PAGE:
The Penguin Teen On Tour authors came to California this week. Jessica Khoury, author of Kalahari, was gracious enough to give Compass Book Ratings a few minutes of her time for a quick author interview in a room that felt a little bit like a glorified closet, but she was a sport.
CBR: What was the source of inspiration for Kalahari?
Jessica: I knew I wanted to write another Corpus book which meant it had to be about a science experiment, probably something gone wrong, and something that teenagers would have to overcome. So the first thing I had to decide was where it would be set. My first book, Origins, was set in the Amazon Rain Forest. Vitro, my second book, is set on an island in the South Pacific. I knew I wanted another remote, interesting location. I was sitting at my desk brainstorming where I could put this book that was far from civilization and I looked over at my shelf and saw this DVD, The Gods Must Be Crazy, which is this old comedy and it is set in the Kalahari Desert. So I was like, “Huh” and I googled it and I was hooked. I knew very little about the Kalahari because there are very few stories set there. So I got as many books as I could, but I still wasn’t satisfied so I booked tickets and spent a couple of weeks in South Africa in Botswana doing researching, asking questions, going out every day and driving through the bush and mapping out where the book would take place. It was hugely inspirational. When I got home I started writing and it was one of the easiest drafting processes I have ever had. After being there it just really fueled my imagination.
CBR: Besides the setting, there is the science side of it. So what did you do when it came to researching the science side of your books?
Jessica: I wanted to write a monster book, about something that escapes alive, and tries to hunt down the main characters. I remembered an article I read in a science magazine about an experiment run by Dr. Lee Cronin, who was a biochemist at the University of Edinburgh. He actually is still running this experiments in which he is trying to manufacture inorganic life—life that is non-carbon based. That really captured my imagination and decided to take it a step further…What is the worst that can happen here? Of course you can’t have a story about science without something going wrong.
CBR: Do you have a particular scene in Kalahari that was your favorite to write?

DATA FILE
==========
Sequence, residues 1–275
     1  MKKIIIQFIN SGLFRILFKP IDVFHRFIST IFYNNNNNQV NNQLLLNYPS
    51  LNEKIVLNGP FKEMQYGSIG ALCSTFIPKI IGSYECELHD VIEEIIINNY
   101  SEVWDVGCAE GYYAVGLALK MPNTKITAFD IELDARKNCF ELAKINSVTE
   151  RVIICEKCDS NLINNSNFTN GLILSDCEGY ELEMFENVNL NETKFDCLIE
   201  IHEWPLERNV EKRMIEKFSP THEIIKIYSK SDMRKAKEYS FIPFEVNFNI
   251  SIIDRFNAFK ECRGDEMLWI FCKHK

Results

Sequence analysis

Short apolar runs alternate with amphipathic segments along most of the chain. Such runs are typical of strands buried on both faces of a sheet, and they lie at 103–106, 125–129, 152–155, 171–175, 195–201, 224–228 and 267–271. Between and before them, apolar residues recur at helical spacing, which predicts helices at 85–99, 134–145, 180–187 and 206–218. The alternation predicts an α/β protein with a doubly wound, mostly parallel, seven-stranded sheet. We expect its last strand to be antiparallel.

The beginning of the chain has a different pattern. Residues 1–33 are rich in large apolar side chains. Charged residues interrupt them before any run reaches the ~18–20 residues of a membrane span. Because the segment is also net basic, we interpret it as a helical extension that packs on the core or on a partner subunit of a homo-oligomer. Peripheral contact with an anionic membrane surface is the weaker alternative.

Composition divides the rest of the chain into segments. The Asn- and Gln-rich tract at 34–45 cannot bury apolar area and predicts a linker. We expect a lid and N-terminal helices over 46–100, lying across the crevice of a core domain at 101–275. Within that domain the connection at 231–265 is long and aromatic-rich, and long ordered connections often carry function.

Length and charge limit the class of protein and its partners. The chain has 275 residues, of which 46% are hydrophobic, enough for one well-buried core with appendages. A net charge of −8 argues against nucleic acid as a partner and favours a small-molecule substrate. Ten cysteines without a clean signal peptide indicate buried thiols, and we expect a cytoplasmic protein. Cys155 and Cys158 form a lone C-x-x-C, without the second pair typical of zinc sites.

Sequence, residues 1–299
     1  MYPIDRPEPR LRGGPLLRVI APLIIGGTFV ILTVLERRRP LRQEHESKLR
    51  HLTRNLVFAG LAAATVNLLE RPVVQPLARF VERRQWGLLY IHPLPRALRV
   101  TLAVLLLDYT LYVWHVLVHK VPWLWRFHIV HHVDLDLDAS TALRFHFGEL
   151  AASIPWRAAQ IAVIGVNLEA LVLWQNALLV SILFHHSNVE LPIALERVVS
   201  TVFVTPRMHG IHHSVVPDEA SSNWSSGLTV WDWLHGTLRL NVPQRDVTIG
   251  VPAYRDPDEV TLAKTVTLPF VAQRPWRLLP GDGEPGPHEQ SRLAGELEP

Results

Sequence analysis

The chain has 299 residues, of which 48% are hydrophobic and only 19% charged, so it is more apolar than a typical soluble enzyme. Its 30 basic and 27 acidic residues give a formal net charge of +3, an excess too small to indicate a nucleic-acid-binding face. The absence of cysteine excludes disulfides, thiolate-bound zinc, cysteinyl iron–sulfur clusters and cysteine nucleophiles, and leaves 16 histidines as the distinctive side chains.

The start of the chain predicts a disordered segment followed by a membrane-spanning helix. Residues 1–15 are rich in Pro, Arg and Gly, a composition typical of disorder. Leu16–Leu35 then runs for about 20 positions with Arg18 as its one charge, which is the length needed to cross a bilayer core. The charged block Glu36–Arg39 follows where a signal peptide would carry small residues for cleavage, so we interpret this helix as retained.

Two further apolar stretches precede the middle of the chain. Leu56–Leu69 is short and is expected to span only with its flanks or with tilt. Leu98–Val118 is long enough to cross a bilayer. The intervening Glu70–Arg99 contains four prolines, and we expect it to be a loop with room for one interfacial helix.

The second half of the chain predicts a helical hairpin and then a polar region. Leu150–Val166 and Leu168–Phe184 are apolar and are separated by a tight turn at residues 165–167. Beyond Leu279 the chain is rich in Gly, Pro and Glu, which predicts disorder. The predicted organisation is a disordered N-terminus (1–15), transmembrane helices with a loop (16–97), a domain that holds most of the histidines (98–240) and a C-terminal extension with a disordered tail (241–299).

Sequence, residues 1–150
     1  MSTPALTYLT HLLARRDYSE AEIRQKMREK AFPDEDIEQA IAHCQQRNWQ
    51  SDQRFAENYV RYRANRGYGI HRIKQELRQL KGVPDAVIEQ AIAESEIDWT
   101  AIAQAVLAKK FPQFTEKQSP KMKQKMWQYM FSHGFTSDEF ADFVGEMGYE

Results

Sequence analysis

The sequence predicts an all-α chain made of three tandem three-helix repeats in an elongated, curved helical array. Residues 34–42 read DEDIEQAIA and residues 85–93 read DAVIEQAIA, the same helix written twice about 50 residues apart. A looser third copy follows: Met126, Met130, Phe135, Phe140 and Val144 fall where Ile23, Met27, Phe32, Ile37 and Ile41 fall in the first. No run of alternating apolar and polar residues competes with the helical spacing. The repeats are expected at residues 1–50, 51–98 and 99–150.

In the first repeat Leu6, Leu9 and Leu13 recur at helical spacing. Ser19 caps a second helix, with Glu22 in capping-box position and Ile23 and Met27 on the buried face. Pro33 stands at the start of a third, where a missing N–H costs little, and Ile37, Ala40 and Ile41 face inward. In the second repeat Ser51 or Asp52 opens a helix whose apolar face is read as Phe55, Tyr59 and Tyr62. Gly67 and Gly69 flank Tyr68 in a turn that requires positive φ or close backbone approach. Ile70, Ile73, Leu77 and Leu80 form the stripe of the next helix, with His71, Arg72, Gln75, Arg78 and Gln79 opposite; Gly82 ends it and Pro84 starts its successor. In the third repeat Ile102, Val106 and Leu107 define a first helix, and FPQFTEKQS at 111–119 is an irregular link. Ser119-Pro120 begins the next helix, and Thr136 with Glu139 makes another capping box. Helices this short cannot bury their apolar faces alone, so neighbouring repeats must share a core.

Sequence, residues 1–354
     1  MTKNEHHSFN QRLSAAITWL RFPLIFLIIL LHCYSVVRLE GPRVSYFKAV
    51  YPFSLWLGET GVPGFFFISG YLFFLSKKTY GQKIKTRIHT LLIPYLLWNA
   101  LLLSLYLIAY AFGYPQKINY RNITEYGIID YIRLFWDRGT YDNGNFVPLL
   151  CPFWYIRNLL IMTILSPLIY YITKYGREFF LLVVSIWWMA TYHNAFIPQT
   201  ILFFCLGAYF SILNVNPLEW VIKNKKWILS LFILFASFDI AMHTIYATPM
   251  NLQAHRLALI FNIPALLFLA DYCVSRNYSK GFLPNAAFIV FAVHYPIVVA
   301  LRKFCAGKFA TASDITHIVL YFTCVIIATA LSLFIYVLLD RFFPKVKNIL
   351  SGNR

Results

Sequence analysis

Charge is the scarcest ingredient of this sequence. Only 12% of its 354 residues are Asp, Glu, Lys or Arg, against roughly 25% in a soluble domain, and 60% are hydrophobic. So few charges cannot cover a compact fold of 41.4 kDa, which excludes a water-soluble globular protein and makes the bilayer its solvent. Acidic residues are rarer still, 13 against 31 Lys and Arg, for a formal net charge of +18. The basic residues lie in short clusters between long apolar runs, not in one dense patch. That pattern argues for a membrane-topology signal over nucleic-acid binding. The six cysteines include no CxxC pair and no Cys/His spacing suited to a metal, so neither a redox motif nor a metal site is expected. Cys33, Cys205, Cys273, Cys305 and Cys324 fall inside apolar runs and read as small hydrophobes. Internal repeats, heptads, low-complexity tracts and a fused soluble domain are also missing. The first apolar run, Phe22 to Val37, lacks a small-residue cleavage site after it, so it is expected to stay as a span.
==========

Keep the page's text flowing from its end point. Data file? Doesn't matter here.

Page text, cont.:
Jessica: There are a lot of scenes. So much of what is in the book was inspired by what I saw and did there. Perhaps one of the most fun scenes to write is when a lone male elephant bursts out of the bush and tries to gore one of them. That was based on one of the elephants we saw out in the bush. The guide told us his name was Jason and he was “very, very naughty”. He was constantly harassing the tourists, trying to push over the vans. When we saw him he was running circles around us and trumpeting and flapping his ears. That elephant inspired that scene and it was a lot of fun to write.
CBR: You write for the YA market, which is generally ages 12-18. You mentioned that Redwall was one of your favorite series, which happens to be one of my son’s favorite series. What else were you reading when you were the age of your readers?
Jessica: As a teen I really loved science fiction and fantasy. Lloyd Alexander is one of my favorite authors and his books inspired me to write my first novel when I was thirteen. I also really enjoyed the Harry Potter books and they were hugely influential…I also read a lot of adult sci-fi and fantasy. One of those was Lois McMaster Bujold. She is a brilliant, brilliant woman. Her books were one of the things that made me want to go into science fiction.
CBR: What is your current project?
Jessica: I am writing a novel that is a re-telling of Aladdin, told from the point of view of the genie—who just happens to be a girl. The book is titled The Forbidden Wish and it will come out in the spring of 2016.
CBR: What is the one interview question that you are completely ready for and noone ever asks you? Here is your big chance…
Jessica: That is such a good question. People do ask this a lot–about when I first found out my book was going to be published. It is one of my favorite stories because when my agent called to tell me that Penguin had made an offer for Origin I was in the middle of an eye exam. My eyes were dilated, I start crying, I start laughing, I start hyperventilating, I start crying again…a year later I came back for my next eye exam and the optometrist said, “Remember last year when you were here and you got a call? Well, I took a picture of you and you might want it.”He pulls out his phone and shows me the worst picture taken of me ever. It was pretty funny.